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PDQ: Pretty Darn Quick Blog

Is Performance Pay its own Worse Enemy?

07/24/2007

Editorial by Kate Walsh

The most serious obstacle standing in the way of genuine reform of teacher compensation is probably not opposition from teacher unions. As illogical as this is going to sound, what may defeat pay reform is actually our unbridled enthusiasm for performance pay.

Performance pay has proven to be inordinately compelling to people not used to paying much attention to education issues, including politicians. While there are plenty of steps the nation could take to improve the quality of the nation's teachers, (see our State Teacher Policy Yearbook ) the prospect of pay reform is what people want to talk about. Performance pay is to teacher quality as Angelina Jolie is to the global poverty movement.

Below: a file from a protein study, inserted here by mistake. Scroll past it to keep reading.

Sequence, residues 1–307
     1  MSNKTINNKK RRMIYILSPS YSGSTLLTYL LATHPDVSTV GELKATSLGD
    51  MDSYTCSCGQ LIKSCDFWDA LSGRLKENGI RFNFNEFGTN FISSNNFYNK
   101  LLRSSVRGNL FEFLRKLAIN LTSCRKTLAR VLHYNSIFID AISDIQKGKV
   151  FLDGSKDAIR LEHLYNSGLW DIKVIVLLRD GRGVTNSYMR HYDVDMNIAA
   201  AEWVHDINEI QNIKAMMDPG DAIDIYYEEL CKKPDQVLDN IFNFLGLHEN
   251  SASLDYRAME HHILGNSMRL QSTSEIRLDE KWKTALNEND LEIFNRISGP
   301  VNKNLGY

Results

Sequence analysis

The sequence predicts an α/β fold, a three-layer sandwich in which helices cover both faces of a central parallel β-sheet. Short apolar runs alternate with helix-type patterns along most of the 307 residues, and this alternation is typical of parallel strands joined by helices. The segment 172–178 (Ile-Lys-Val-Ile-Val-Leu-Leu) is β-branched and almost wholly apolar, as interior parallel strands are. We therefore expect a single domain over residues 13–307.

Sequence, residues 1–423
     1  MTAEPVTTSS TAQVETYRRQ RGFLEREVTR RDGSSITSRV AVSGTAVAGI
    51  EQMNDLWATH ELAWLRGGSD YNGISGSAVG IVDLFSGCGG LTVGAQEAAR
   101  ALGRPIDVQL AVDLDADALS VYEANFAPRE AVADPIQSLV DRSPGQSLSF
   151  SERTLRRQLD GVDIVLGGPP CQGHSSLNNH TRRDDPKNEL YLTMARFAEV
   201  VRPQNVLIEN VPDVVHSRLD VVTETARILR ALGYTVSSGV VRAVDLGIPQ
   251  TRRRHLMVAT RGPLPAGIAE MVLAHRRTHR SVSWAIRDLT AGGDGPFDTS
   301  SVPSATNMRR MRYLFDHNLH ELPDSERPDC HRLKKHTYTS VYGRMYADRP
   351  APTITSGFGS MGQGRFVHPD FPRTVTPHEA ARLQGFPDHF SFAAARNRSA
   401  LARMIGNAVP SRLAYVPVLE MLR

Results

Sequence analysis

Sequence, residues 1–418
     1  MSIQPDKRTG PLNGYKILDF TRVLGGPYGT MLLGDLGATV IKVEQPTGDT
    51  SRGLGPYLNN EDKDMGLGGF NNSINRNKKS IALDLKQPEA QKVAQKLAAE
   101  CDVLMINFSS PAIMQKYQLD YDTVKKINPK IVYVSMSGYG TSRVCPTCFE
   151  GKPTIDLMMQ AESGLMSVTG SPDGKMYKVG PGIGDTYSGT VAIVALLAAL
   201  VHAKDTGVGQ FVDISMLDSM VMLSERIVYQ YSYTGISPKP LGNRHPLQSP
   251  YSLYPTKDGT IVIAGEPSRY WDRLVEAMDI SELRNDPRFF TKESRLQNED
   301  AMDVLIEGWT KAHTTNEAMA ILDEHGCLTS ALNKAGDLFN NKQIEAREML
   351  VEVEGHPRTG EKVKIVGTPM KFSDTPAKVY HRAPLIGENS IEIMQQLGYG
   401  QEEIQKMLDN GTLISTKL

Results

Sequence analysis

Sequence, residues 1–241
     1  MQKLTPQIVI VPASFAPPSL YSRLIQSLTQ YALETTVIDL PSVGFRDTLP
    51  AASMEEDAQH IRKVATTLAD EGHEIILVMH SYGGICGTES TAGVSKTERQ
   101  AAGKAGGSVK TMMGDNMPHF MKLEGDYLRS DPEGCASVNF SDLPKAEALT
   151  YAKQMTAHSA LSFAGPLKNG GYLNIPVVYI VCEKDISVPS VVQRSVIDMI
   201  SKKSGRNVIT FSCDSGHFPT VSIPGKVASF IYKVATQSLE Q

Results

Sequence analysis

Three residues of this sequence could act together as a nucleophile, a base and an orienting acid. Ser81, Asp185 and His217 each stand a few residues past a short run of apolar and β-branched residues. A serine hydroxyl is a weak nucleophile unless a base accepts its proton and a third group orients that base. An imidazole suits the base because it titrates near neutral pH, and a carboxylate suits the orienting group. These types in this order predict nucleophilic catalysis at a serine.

Don't misunderstand me. Politicians aren't wrong to be so interested in performance pay. I for one am well versed in Jolie's latest adoption. In fact many politicians have shown a lot of courage calling for performance pay. It offers tremendous promise for attracting and keeping the talent the profession needs.

The problem with performance pay is that currently it is easier to do it poorly than to do it well--as the city of Houston, among others, can attest. And each time that states or districts do it poorly, we hand opponents a victory, giving them all the evidence they need to defend the status quo.

While the press could write any number of stories about how unfair the current system of teacher pay is, it doesn't--because the uniform salary schedule isn't news. There are superstars leaving the profession every day, frustrated with their inability to earn the pay that recognizes their successes, but their leaving isn't news either.

In contrast, every time a performance pay experiment fails, it's a news story. Just look at the damage done by the Houston Chronicle when it insisted on publishing the name of every teacher in the district who received a pay bonus--allowing the public to serve as the judge and jury on a first-time effort, however flawed.